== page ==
The county currently regulates 39 significant industrial users (SIUs) monitored in the award-winning pretreatment program. The utilities surcharge 22 other industries for biochemical oxygen demand and total suspended solids treatment. Despite an increase of 106% in SIU operations since 1993, their aggregate pollutant loadings of arsenic, copper, cadmium, lead, nickel and zinc increased only moderately. Meanwhile, the loadings of chromium, mercury, cyanide and silver have decreased.
Some highlights of Chesterfield County’s SIU pretreatment program:
- A continuous program update in response to the most current pollutants of concern and the loadings to ensure meaningful environmental benefits.
- Performing onsite study for pollutants of concern on a pilot scale to develop scientifically based local limits, actual inhibition data and effective removal efficiencies beyond literature values.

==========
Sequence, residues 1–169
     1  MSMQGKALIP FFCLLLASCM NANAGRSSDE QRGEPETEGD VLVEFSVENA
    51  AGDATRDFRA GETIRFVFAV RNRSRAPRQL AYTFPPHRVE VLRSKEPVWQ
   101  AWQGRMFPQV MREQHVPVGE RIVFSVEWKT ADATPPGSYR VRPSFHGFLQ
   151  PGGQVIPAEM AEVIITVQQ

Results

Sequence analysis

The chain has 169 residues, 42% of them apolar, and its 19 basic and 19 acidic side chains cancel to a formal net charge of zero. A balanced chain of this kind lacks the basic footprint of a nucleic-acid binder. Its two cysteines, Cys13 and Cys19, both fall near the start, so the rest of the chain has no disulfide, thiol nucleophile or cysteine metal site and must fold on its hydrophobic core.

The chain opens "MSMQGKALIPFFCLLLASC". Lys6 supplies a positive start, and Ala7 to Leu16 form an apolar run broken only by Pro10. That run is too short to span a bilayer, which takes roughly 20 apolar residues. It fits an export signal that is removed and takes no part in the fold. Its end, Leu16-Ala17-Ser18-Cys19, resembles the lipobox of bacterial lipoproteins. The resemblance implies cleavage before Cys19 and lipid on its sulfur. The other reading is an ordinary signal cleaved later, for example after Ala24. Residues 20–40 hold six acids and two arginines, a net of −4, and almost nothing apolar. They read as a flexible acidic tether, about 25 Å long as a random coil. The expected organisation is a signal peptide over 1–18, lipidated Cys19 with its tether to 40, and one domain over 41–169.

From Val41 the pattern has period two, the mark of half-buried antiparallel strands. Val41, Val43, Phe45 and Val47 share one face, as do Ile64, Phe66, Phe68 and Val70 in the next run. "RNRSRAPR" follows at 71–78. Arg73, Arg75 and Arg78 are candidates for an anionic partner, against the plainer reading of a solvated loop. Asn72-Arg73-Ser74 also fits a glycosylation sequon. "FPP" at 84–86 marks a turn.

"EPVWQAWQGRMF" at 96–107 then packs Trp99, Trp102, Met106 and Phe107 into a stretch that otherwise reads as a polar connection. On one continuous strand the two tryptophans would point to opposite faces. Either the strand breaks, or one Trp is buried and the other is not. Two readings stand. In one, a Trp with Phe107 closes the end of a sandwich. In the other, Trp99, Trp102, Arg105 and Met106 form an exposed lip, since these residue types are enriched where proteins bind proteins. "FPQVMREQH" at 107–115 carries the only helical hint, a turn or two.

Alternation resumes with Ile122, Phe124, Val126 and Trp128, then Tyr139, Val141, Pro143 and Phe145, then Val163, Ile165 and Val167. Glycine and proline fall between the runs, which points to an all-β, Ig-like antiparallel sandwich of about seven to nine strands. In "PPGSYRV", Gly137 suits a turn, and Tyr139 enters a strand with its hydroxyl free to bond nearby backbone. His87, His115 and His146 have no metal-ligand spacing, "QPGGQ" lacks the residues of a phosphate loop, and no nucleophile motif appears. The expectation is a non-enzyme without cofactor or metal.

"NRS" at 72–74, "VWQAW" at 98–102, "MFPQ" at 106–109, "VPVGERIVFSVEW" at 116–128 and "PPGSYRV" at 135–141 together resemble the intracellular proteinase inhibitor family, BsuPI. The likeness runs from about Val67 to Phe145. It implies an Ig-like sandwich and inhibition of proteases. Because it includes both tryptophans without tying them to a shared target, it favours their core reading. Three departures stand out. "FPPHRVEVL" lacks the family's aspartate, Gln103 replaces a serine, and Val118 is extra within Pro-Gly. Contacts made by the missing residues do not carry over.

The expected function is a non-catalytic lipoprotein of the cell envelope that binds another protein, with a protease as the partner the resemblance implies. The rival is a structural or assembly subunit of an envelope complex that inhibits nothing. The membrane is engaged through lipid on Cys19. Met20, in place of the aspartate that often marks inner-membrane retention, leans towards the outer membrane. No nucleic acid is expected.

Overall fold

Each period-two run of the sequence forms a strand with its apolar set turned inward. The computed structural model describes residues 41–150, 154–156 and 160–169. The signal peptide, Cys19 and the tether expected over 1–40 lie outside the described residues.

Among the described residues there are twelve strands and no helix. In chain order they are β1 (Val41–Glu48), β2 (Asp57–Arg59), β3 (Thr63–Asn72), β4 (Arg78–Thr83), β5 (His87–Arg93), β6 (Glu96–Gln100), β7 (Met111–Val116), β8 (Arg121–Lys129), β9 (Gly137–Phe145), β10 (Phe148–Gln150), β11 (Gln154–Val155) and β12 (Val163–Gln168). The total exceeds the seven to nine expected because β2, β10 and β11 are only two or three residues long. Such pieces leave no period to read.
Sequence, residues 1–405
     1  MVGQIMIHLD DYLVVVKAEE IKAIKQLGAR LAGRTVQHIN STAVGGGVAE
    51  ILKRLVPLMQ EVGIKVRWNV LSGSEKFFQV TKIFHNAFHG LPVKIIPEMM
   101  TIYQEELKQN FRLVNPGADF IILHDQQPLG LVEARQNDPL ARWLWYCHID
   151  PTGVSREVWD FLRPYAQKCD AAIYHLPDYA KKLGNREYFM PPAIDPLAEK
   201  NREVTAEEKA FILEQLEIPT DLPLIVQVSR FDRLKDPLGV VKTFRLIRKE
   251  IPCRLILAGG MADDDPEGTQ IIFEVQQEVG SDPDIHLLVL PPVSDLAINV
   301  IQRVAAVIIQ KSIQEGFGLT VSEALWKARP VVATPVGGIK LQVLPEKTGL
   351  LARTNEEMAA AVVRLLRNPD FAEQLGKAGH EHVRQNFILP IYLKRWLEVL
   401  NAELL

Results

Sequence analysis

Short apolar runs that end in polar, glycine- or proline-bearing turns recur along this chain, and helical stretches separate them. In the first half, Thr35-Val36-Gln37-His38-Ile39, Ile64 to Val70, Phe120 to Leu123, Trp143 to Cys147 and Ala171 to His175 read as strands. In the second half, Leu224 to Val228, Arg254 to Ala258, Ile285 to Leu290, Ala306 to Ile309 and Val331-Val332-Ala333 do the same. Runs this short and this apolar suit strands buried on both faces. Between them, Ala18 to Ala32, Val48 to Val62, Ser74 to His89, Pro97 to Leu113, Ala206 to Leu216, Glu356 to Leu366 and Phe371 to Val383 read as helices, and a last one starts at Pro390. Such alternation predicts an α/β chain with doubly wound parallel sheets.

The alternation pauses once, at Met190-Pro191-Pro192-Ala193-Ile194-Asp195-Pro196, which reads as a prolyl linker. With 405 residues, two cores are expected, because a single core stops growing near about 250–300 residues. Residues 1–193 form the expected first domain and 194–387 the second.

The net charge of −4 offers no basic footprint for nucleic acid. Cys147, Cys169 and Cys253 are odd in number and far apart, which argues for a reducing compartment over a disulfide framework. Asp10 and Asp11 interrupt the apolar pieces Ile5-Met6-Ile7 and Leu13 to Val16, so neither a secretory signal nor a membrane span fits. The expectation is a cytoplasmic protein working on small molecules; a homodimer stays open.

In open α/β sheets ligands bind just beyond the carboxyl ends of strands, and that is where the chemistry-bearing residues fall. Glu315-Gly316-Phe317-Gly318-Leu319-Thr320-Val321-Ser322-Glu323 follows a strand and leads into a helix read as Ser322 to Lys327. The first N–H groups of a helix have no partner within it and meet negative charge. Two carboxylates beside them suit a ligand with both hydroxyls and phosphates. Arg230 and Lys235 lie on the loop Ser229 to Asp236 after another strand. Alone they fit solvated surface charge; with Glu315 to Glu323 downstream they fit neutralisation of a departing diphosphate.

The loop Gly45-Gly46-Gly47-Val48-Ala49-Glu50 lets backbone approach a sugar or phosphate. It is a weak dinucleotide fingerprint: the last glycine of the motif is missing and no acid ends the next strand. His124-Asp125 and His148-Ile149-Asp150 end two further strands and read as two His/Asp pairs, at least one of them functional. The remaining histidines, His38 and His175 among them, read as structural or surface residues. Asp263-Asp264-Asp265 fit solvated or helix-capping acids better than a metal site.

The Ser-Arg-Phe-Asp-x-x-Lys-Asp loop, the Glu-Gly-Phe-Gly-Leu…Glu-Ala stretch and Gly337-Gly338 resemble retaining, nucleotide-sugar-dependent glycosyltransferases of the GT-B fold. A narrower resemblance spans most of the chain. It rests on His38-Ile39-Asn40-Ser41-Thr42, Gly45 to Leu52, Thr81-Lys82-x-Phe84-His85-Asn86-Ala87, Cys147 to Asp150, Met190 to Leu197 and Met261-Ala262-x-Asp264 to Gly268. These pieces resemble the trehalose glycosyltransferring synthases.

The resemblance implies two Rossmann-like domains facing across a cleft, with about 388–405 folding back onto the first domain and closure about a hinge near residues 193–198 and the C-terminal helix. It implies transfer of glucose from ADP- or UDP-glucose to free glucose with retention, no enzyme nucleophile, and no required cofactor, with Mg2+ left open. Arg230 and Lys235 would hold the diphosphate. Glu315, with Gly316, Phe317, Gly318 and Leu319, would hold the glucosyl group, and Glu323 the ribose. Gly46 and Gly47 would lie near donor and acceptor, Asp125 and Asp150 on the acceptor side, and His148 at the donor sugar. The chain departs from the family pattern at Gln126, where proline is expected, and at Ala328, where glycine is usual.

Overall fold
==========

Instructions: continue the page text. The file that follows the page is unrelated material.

- An awards program to encourage 100% environmental compliance, pollution prevention and other “going-above- and-beyond-requirement” behavior by permitted industries. This has resulted in 30% of Chesterfield County’s SIUs being in total compliance with all environmental regulations.
- An oil and grease control program for businesses in the county.
- A state-of-the-art tracking system that categorizes businesses by the nature of their business as they locate in the county. This streamlines the permitting, industrial survey and other activities of the pretreatment program.
- Successfully controlling pollutants concentrations in Class A biosolids.
- Community outreach environmental training for industries and school children.